Mark Memmott

Mark Memmott is NPR's supervising senior editor for Standards & Practices. In that role, he's a resource for NPR's journalists – helping them raise the right questions as they do their work and uphold the organization's standards.

As the NPR Ethics Handbook states, the Standards & Practices editor is "charged with cultivating an ethical culture throughout our news operation. This means he or she coordinates regular training and discussion on how we apply our principles and monitors our decision-making practices to ensure we're living up to our standards."

Before becoming Standards & Practices editor, Memmott was one of the hosts of NPR's "The Two-Way" news blog, which he helped to launch when he came to NPR in 2009. It focuses on breaking news, analysis, and the most compelling stories being reported by NPR News and other news media.

Prior to joining NPR, Memmott worked for nearly 25 years as a reporter and editor at USA Today. He focused on a range of coverage from politics, foreign affairs, economics, and the media. He reported from places across the United States and the world, including half a dozen trips to Afghanistan in 2002-2003.

During his time at USA Today, Memmott, helped launch and lead three news blogs: "On Deadline," "The Oval" and "On Politics," the site's 2008 presidential campaign blog.

The amazing story of a 16-year-old California boy who the FBI says survived a 5 1/2-hour flight in the frigid wheel well of a jet that flew from San Jose to Hawaii on Sunday raises a logical question:

How does one survive a trip like that when the temperature would have dropped to more than 50 degrees below zero and the air would have been thinner than that at the top of Mount Everest?

Disturbing news from Nigeria about girls kidnapped last week from their school by Islamist extremists grew even more distressing on Monday when parents told authorities that 234 of the young women are still missing.

That's nearly triple the number — 85 — that officials have been reporting.

According to The Associated Press:

Friday's tragedy on Mount Everest in which at least 13 Sherpa guides were killed in an avalanche has led others among that group of Nepalese who lead foreigners up the world's tallest mountain to issue some demands — and threaten to boycott the soon-to-start climbing season if their requests aren't granted.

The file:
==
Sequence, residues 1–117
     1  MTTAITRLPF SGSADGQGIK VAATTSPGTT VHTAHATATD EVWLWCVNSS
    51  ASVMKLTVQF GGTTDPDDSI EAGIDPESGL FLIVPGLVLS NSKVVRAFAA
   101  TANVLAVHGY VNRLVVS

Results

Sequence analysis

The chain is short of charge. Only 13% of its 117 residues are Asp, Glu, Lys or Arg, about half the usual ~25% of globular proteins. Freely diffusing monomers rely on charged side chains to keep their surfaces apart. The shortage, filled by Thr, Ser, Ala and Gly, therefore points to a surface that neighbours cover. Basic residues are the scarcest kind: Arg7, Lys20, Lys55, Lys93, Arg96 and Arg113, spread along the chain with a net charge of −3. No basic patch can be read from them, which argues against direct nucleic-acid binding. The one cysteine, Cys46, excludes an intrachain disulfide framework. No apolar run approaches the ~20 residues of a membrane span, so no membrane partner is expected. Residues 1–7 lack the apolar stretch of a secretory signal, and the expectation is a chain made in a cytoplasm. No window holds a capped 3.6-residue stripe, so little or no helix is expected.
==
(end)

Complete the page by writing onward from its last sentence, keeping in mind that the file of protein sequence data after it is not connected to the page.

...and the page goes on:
"Aviation experts call it a miracle," says Honolulu's KHON-TV. "The FBI says a 16-year-old boy stowed away in the wheel well of a flight from California to Hawaii, and survived. The boy is expected to fully recover."

Update at 11:33 p.m. EDT: The AP is now saying the boy is 15, not 16, as was earlier reported.

Our original report continues:

"The conduct of the captain and some crew members is wholly unfathomable from the viewpoint of common sense, and it was like an act of murder that cannot and should not be tolerated."

We don't need to go on at length about why today's running of the Boston Marathon is important.

After so many stories this month about accidents and disasters, we needed something completely different and hopefully cute.

This would seem to fit the bill:

"Kittens accidentally packed in box, shipped from Los Angeles to San Diego." (San Diego's ABC10 News)

"Does Russia intercept, store or analyze in any way the communications of millions of individuals?" former National Security Agency contractor Edward Snowden asked Russian President Vladimir Putin on Thursday.

"We don't have a mass system of such interception, and according to our law it cannot exist," the Russian leader responded.

A sign now outside the small library at a religious school for girls in Pakistan's capital says the room has been named for a martyr — Osama bin Laden, whose al-Qaida terrorist network was responsible for the Sept. 11, 2001, terrorist attacks that killed more than 3,000 people in New York, Pennsylvania and Virginia.

"For us he was a hero of Islam," a school spokesman tells Agence France-Presse.

"Armed pro-Russian separatists in eastern Ukraine said Friday that they were not bound by an international deal ordering them to disarm and were looking for more assurances about their security before leaving the public buildings they are holding," Reuters reports.